Unlike other security vulnerabilities, where the software update can be released and installed to remediate the vulnerability , the nature of UEFI Secure Boot created significant complications.  UEFI Secure Boot uses a trust model that is generally anchored with Microsoft. For Windows compliance, PCs must ship the Microsoft UEFI Signing Certificate as a trust anchor, meaning that anything which Microsoft has deemed trusted and signed with this certificate will be allowed to be booted via UEFI Secure Boot. In the case of many Linux distributions, a small binary – a shim – is signed by Microsoft and this is then used to load GRUB2 to actually boot the Linux kernel and so on. Linux distributions ship their own trusted certificate within their shim binaries, and this is used to validate that GRUB2 is appropriately signed by the distribution and hence trusted as part of the UEFI Secure Boot process. As mentioned earlier, these shim and GRUB2 binaries are also used on the various installation media to ensure they can be booted when UEFI Secure Boot is enabled. These old install media would then always be trusted, even though they contain this vulnerable version of GRUB2 and hence could be used to bypass UEFI Secure Boot on any system. Luckily, the UEFI specification provides a way to distrust either particular certificates or particular binaries by adding entries into the UEFI forbidden signature database (DBX). However, adding entries to this database again requires that new entries are signed by a valid trust anchor – i.e. Microsoft. As such, a large degree of coordination was required between the various Linux distributions and Microsoft to ensure the latter could provide this signed list of vulnerable and hence forbidden GRUB2 binaries / certificates to ensure that systems cannot be exploited in the future via old install media.

During this process with Microsoft, Canonical and others also took the opportunity to look for other possible existing vulnerabilities in GRUB2 so that, as one party put it; “we don’t have to be back here again in 2 weeks”. Through a combination of static code analysis and manual inspection, Chris Coulson (Canonical) and Colin Watson (Canonical and maintainer of GRUB2 in Debian) discovered a number of further vulnerabilities (CVE-2020-14308, CVE-2020-14309, CVE-2020-14310, CVE-2020-14311, CVE-2020-15706, and CVE-2020-15707, respectively). Finally, one previously known outstanding vulnerability in GRUB2 (CVE-2020-15705), discovered by Mathieu Trudel-Lapierre (previously of Canonical) was also fixed as part of this update. This provided a total of 8 vulnerabilities which then needed to be patched across the various Ubuntu releases of GRUB2 to fix these issues on existing systems.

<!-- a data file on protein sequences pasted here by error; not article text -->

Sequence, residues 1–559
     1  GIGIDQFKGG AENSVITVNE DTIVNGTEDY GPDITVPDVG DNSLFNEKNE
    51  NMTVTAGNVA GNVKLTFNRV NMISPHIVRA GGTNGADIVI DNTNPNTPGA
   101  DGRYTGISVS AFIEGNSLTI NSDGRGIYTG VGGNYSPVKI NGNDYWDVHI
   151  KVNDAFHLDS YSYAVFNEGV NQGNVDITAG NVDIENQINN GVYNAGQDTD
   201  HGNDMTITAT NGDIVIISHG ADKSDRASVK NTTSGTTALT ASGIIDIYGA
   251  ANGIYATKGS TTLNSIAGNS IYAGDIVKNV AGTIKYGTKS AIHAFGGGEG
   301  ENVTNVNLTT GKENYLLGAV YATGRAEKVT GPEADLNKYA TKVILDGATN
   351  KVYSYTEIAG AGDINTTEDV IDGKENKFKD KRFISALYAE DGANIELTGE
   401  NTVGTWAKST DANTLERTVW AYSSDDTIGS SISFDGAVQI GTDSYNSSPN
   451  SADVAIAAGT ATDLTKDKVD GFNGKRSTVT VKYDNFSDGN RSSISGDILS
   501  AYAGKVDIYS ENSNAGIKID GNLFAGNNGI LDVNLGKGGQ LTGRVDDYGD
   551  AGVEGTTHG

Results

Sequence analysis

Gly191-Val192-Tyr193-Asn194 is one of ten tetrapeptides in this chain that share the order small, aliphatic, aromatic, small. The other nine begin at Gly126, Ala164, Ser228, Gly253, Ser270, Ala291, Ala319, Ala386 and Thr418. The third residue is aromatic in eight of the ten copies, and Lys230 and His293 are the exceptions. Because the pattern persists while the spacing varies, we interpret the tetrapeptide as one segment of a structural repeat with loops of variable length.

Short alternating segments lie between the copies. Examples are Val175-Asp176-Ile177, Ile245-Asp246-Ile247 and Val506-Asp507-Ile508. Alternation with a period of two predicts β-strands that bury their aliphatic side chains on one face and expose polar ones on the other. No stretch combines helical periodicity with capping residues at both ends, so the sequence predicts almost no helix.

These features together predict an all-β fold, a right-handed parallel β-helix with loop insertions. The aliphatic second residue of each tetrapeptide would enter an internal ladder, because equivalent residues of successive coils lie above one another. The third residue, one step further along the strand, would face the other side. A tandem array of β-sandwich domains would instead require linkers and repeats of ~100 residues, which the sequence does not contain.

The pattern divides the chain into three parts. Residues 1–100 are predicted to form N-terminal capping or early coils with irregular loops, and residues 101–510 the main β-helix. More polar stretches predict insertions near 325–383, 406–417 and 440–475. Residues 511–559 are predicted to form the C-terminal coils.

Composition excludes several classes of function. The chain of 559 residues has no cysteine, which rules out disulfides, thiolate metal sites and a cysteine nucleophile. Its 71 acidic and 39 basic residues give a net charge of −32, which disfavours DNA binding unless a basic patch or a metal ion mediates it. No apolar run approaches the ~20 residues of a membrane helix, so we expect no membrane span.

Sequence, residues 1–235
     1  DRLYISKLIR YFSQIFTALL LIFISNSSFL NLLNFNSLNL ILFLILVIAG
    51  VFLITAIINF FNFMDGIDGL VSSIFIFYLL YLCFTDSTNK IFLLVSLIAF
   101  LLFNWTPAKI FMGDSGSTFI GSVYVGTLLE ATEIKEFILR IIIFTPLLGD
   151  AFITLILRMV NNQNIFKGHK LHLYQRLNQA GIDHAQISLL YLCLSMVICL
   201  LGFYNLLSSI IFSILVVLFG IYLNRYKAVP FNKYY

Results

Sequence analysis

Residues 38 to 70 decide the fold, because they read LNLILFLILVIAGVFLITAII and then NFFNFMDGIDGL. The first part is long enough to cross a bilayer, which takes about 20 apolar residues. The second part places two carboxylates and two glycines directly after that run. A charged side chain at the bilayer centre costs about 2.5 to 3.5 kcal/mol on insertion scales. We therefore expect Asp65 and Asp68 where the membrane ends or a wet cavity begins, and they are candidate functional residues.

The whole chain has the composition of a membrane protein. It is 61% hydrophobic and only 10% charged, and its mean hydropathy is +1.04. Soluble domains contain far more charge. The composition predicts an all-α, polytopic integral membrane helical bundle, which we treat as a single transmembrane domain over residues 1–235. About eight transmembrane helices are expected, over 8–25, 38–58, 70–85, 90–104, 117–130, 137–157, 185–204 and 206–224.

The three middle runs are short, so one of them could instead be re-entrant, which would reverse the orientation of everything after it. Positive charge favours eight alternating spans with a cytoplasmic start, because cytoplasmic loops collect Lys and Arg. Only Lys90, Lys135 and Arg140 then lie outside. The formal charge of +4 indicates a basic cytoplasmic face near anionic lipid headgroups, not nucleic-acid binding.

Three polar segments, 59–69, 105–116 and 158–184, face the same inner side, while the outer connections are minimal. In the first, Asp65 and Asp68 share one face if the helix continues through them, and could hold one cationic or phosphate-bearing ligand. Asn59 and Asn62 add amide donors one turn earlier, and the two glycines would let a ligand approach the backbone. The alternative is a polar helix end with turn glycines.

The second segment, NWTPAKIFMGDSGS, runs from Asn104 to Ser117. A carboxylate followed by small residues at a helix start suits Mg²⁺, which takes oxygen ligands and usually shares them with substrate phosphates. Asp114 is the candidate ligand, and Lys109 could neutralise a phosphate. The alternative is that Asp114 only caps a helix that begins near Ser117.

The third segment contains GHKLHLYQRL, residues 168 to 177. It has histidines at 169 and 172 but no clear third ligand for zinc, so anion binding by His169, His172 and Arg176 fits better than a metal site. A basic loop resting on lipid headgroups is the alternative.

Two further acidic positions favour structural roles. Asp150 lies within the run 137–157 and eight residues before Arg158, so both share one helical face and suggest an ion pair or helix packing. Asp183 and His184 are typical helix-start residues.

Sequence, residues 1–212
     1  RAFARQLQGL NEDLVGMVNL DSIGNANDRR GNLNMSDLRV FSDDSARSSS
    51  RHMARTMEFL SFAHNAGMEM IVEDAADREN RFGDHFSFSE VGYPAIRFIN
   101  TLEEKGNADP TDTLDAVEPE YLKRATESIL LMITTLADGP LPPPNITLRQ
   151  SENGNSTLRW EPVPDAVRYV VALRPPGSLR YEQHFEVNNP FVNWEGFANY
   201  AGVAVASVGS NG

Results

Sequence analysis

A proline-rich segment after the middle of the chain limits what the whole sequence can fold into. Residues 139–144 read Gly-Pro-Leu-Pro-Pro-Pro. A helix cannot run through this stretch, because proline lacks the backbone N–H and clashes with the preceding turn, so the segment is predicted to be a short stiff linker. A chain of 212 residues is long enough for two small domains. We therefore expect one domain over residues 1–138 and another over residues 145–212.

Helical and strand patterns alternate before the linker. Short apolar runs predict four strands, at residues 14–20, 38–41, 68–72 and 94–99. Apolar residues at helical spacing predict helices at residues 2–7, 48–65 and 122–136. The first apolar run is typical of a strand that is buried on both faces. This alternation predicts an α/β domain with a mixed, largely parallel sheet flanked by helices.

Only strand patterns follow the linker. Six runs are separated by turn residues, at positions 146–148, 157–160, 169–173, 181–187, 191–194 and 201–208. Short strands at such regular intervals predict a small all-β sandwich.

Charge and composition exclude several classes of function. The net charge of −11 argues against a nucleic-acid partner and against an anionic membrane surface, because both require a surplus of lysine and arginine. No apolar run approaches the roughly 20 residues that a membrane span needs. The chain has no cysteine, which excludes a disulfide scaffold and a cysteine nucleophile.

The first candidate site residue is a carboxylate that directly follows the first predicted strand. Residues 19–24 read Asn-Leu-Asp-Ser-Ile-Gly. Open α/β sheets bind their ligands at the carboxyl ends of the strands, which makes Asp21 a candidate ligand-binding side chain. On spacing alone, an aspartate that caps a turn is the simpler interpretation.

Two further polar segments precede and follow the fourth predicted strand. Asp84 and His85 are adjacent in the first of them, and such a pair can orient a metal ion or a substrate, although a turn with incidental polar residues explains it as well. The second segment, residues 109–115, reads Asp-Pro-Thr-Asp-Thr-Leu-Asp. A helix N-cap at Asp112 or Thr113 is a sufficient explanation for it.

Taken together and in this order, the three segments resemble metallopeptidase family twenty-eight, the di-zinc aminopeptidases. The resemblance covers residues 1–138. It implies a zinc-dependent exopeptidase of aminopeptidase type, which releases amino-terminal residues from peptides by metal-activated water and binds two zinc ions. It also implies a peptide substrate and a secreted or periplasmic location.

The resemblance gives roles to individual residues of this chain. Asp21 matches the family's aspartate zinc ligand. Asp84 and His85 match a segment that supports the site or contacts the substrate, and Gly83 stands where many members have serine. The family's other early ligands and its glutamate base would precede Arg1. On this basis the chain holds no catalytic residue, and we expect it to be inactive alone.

The final pieces of the puzzle then were to prepare and test the patched GRUB2 builds, as well as the signed DBX update from Microsoft. Chris Coulson and Dimitri John Ledkov (Canonical) handled most of the heavy lifting on these, with additional support from the OEM Enablement Team at Canonical to ensure these updates could be delivered without risk of regression.

Throughout this process there has also been a lot of work behind the scenes to coordinate with OEMs and other vendors who ship Ubuntu, as well as the cross-distribution coordination discussed above. All of these efforts have helped to ensure that Ubuntu  and other major Linux distributions could ensure their users were also protected as well at the point of the CRD. This approach is a true reflection of the meaning of the word Ubuntu, I am because we are, and demonstrates a fundamental strength of the shared ecosystem of Linux and free and open-source software.

If you would like to know more details regarding these vulnerabilities and the updated packages which fix it, the associated Ubuntu Security KnowledgeBase article should be your first port-of-call.